Senate Postal Reform Bill Needs a New Title

The USPS is supposed to operate like a business by relying on the revenues from the sale of postal products to cover costs. Congress makes that harder by imposing various obligations and stifling attempts to reduce costs. Add in a weak economy, the growth in alternative forms of communication, and a predominantly unionized workforce that has secured excessive compensation and privileges and the result is a financial mess.

The Senate will soon consider a postal reform bill that is supposed to save the USPS: “The 21st Century Postal Service Act of 2011.” That’s a mighty peculiar title considering that the legislation would keep the U.S. Postal Service stuck in the 20th century. It’s also an overly-confident title as there’s zero chance that the legislation would enable the USPS to “flourish” into the 21st century as Sen. Joe Lieberman (I-CT) claims.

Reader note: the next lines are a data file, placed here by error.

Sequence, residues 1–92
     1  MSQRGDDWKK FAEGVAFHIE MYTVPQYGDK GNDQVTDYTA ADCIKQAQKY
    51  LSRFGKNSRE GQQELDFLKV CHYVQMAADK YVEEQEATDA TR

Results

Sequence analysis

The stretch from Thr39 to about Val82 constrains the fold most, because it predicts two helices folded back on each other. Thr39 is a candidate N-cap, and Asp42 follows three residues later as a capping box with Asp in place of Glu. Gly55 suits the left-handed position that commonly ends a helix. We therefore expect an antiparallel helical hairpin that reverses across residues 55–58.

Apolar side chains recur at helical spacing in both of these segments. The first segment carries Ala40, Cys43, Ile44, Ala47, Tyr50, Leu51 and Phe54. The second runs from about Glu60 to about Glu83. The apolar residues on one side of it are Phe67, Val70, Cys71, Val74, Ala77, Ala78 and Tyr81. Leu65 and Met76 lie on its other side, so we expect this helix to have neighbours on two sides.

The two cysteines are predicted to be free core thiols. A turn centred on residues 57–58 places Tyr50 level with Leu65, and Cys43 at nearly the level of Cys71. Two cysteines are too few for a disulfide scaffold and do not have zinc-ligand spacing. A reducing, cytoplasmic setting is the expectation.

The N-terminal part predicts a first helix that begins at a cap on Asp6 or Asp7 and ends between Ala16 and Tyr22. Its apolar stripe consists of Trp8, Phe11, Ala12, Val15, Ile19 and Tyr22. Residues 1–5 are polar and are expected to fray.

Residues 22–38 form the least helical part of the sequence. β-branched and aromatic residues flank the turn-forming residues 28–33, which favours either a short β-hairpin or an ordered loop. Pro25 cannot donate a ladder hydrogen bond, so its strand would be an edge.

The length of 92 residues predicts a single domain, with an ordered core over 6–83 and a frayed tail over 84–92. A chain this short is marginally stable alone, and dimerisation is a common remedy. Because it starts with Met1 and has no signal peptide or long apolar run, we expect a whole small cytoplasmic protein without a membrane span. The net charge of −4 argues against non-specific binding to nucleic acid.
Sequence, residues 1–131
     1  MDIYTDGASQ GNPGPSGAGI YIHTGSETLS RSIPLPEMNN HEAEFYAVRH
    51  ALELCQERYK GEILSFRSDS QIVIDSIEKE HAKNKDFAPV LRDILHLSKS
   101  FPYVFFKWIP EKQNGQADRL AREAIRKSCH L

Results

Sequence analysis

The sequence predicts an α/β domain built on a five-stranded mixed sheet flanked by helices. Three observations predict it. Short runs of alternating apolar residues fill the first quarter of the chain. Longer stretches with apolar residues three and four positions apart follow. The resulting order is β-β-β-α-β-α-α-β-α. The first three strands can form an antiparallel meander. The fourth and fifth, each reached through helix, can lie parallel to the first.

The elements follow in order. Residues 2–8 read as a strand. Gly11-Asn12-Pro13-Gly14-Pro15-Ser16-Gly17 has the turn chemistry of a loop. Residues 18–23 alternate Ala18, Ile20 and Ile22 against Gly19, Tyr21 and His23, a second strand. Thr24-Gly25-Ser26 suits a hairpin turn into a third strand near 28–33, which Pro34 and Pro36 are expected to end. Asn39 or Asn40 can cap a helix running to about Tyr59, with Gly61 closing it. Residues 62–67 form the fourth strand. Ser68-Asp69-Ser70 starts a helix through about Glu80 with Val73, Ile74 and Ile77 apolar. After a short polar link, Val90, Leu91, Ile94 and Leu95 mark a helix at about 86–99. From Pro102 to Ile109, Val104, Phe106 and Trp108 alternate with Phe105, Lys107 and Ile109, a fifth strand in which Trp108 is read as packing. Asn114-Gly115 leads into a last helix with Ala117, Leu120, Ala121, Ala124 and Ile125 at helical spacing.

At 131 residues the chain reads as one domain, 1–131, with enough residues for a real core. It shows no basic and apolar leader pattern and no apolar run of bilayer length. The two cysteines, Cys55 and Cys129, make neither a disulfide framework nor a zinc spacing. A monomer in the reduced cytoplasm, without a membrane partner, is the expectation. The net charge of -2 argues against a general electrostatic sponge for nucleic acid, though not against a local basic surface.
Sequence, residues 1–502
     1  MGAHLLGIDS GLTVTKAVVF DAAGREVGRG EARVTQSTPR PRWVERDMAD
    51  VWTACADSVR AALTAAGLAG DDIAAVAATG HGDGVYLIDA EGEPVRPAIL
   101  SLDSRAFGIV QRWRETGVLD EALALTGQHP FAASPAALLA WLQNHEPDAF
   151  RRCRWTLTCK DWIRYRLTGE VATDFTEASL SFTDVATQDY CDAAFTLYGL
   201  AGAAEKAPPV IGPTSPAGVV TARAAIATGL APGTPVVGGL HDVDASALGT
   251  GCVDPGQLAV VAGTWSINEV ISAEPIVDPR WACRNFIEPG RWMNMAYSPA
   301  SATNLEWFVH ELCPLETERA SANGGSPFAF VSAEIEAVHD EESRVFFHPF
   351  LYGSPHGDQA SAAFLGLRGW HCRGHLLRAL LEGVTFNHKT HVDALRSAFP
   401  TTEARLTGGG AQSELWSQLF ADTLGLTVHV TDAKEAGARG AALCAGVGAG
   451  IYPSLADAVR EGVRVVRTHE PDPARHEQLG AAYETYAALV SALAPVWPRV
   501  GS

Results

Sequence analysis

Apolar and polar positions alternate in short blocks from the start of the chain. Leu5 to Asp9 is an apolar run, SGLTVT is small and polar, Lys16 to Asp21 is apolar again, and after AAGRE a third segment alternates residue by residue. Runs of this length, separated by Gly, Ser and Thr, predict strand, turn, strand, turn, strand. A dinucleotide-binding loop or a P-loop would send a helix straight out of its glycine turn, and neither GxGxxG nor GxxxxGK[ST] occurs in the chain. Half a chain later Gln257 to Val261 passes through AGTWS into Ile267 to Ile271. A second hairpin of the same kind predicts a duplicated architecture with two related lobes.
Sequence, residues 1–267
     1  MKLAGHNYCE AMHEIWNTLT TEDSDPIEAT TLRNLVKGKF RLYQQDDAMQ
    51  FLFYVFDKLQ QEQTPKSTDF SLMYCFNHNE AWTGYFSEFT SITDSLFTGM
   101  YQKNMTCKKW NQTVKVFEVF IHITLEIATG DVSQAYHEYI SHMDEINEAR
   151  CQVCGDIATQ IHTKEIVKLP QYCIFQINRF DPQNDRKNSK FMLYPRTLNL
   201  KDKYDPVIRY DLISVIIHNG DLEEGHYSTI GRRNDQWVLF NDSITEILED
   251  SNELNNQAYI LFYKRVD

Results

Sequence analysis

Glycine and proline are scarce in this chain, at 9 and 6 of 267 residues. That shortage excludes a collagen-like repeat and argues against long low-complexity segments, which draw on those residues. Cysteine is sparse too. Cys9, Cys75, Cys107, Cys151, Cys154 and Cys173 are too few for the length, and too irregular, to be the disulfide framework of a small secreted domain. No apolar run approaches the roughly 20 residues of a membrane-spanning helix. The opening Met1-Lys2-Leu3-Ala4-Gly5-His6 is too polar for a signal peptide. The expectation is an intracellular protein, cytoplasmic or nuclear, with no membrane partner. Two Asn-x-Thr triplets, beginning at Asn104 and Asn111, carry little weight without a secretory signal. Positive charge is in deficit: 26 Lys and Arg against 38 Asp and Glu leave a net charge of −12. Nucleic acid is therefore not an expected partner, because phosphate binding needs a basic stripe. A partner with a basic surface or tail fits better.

I’m not going to go through all of the bill’s particulars (interested readers can view the committee’s summary here). The bottom line is that the bill does nothing to alleviate the USPS from the burden of congressional micromanagement. For example, one provision prevents the mere possibility of eliminating Saturday service for two more years. Talk about kicking the can down the road. For those who are perplexed by our enlightened leaders’ inability to reach a deal on deficit reduction, consider what this provision implies about their ability to oversee the government’s mail operation.

In the long term, either the USPS is going to be privatized or it’s going to go back to relying on taxpayer subsidies. Fortunately, a taxpayer bailout is off the table for now. However, taxpayers might not be so lucky the next time Congress steps in to “fix” a mess that is largely of its own doing. In fact, the continuing failure to think outside the box, which the Senate bill is a perfect example of, only increases the likelihood of government mail going on the dole.

See this Cato essay for more the U.S. Postal Service and privatization.